Emma Ann Hughes  

Scandal of ambulance chasing businesses

Emma Ann Hughes

Emma Ann Hughes

I have come under fire from some “claims management companies” as a result of remarks I made last week.

Last week I wrote about how with the Financial Services Compensation Scheme and Financial Ombudsman Service both raising their eyebrows about some Sipp recommendations, ambulance chasers were already circling.

I pointed out claims management firms are swift to tap into the next source of fast flowing cash into their pockets.

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Type pension transfer scandal into Google and the first four results you get are all advertisements promising “no win no fee” to make a claim against the adviser who recommended you ditch your old occupational scheme.

One claims management company claimed my labeling his type of firm "ambulance chasers" was somewhat off the mark.

He argued firms like his don't chase ambulances but they do get a lot of poorly patients knocking on their door. 

He said: “We do fight very hard for our clients. And we have a very close and rewarding relationship with many financial advisers.”

So, here is my response to that criticism…

If you search for Financial Ombudsman Service decisions featuring a “claims management company” published online between 1 December 2016 and 26 January 2017 you have 18 pages of results – 349 decisions – to read through.

Of those 349 decisions, just 75 complaints made by a claims management company were upheld.

So, less than a quarter of complaints ambulance chasers (yes, I still believe that is what the bulk of these companies are) made on behalf of people were actually deemed legitimate and worthy of compensation by the Financial Ombudsman Service.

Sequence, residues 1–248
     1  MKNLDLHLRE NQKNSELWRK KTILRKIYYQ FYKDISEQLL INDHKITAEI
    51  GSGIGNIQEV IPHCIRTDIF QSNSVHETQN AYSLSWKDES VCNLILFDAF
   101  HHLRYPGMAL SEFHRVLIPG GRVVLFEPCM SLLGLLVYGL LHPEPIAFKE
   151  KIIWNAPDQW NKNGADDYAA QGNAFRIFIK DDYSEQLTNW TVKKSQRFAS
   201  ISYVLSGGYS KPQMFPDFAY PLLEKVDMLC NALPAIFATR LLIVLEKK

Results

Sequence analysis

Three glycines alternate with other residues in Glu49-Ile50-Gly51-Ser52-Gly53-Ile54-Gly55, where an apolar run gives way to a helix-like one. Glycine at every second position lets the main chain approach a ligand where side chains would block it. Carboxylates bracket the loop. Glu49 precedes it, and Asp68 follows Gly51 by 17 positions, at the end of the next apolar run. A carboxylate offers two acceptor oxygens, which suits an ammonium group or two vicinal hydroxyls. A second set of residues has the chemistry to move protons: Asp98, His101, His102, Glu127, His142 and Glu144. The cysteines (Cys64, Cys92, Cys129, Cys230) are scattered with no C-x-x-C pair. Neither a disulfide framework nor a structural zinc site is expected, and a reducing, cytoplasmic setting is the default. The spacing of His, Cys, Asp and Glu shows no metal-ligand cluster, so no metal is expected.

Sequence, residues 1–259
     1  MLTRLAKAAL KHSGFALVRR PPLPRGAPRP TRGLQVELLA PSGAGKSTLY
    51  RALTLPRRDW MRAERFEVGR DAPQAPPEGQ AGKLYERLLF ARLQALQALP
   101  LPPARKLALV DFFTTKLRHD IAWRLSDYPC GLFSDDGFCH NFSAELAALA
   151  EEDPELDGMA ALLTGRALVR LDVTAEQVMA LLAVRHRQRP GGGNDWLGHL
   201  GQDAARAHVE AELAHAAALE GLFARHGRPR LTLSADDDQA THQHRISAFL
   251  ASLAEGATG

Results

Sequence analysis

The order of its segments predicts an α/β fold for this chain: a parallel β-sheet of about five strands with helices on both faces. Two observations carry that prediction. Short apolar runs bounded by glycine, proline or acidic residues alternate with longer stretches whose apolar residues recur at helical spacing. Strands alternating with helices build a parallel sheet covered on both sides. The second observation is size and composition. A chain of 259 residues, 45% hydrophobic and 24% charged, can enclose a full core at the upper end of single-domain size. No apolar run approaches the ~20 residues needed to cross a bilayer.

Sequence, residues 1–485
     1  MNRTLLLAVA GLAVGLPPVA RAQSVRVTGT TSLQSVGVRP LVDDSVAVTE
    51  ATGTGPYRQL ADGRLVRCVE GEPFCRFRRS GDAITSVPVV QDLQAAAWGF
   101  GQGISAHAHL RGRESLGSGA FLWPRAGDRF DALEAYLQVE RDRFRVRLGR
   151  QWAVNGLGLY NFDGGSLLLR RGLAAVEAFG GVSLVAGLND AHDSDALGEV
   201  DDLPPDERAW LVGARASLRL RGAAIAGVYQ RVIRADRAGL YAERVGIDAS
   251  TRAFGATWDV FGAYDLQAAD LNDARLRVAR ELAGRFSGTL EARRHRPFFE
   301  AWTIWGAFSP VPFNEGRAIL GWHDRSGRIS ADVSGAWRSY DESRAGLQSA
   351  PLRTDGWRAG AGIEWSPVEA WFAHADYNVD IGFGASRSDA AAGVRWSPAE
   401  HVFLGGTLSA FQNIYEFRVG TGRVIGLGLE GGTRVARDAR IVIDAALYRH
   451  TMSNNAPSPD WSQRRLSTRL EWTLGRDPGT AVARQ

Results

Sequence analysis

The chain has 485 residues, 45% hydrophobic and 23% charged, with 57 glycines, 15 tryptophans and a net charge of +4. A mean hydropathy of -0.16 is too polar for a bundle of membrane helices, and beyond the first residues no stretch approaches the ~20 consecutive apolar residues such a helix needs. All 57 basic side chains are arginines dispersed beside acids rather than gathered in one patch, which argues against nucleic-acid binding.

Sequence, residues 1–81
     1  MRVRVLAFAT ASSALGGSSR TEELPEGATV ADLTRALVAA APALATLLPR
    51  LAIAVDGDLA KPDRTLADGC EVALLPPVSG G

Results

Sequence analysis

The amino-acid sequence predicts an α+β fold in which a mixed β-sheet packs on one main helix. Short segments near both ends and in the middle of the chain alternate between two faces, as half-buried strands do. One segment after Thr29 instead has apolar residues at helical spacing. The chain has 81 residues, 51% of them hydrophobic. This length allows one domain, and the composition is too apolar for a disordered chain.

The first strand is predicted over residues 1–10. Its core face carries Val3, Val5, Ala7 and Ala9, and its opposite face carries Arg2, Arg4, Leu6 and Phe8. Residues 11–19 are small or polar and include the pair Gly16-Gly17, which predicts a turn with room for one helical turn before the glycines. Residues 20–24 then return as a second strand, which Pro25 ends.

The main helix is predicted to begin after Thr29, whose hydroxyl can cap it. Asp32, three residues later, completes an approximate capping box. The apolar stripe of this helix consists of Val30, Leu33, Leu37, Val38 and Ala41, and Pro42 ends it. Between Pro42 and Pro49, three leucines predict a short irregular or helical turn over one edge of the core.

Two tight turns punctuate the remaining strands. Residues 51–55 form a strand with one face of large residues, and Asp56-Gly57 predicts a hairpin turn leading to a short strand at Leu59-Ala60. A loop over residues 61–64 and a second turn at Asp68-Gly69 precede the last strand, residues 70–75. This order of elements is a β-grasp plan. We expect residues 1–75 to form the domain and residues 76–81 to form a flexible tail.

Despite my critic's claim that people are knocking on claims management companies doors, my experience with this type of business is they are usually calling you at home, texting your phone and polluting television advertising breaks with pledges of “No win, no fee”.

Despite this cold calling, the average man on the street would think, if a company was interested in their complaint, then surely they think it is a worthwhile one worthy of compensation.

While my critic says he fights hard for clients – and I am sure some of these companies do – the vast majority are just filling in paperwork in the hope of making a quick buck.

It is easy to complain to the Financial Ombudsman Service and if a complaint is legitimate and totally justified then people really don’t need these ambulance chasers to fill in a form for them.

The ombudsman’s statistics show if you refer your complaint to them yourself, you’re just as likely to win compensation as if you were to pay a claims management company to do it for you.

Ambulance chasers don’t boost the chances of you getting compensation awarded to you – that is a message that should be shouted from the rooftops.